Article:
Subject(s)
Coal , Cooking , Creatinine , Environmental Health , Heating , Hot Temperature , Humans , Logistic Models , Methods , Odds Ratio , Polycyclic Aromatic Hydrocarbons , Residence Characteristics , Smoke , Tobacco , Wood
7.
Article in English | WPRIM | ID: wpr-690638

ABSTRACT

<p><b>OBJECTIVE</b>To explore whether the intake of dietary carotenoids could protect against skeletal fluorosis in Guizhou province in which coal-burning fluorosis is endemic.</p><p><b>METHODS</b>A case-control study of 196 patients with skeletal fluorosis and 196 age and gender-matched controls was conducted in Zhijin, Guizhou Province. Face-to-face interviews were conducted to assess habitual dietary intake using a 75-item food frequency questionnaire and various covariates with structured questionnaires. Urinary fluoride was measured using an ion-selective electrode method. The genotype of superoxide dismutase 2 (SOD2) rs11968525 was detected by TaqMan method.</p><p><b>RESULTS</b>We observed significant dose-dependent inverse associations of skeletal fluorosis with intake of β-carotene, lutein/zeaxanthin, lycopene, and total carotenoids (P-trend = 0.002 to 0.018), whereas α-carotene and β-cryptoxanthin intakes were not found to be related to skeletal fluorosis, after adjustment for potential confounders. The adjusted ORs and 95% CI of skeletal fluorosis for the highest versus lowest quartile were 0.30 (0.10, 0.86) for β-carotene, 0.23 (0.08, 0.66) for lycopene, 0.26 (0.10, 0.75) for lutein/zeaxanthin and 0.34 (0.14, 0.74) for total carotenoids (all P-trend < 0.05). Stratified analyses showed that the protective effects of lutein/zeaxanthin and total carotenoids on skeletal fluorosis were more evident for individuals with the AG+AA genotypes of SOD2 (rs11968525).</p><p><b>CONCLUSION</b>Increased intakes of β-carotene, lutein/zeaxanthin, lycopene, and total carotenoids are independently associated with a lower risk of coal-burning skeletal fluorosis. SOD2 (rs11968525) polymorphisms might modify the inverse associations between dietary carotenoids and skeletal fluorosis.</p>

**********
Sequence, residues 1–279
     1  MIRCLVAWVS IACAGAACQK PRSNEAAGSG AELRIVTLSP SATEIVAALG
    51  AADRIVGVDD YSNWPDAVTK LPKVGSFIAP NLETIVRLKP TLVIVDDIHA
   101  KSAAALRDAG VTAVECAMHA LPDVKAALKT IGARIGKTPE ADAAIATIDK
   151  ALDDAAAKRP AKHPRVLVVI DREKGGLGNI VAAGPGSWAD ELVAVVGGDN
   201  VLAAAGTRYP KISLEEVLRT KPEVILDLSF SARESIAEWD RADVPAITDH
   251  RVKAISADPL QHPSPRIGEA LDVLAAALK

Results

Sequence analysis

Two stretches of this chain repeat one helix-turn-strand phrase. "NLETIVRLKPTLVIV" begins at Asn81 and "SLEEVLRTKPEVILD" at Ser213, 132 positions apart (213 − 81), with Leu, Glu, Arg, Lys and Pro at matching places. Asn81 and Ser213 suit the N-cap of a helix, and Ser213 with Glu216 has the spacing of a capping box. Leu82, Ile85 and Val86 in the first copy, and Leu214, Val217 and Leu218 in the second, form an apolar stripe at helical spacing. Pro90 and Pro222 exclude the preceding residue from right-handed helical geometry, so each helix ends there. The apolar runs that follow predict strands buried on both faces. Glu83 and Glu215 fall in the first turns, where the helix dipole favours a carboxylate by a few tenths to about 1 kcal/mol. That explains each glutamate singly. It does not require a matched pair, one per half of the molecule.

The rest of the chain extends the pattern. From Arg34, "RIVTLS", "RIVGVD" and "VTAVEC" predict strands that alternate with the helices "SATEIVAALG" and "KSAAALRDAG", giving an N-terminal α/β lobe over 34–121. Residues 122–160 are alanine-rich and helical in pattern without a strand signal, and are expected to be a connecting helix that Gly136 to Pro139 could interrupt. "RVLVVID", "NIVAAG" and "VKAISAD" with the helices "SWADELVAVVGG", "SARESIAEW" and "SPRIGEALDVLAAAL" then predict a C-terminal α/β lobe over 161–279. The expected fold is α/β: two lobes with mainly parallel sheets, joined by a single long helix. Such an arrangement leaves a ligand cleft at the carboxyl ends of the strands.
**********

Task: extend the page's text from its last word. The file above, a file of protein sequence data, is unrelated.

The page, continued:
Subject(s)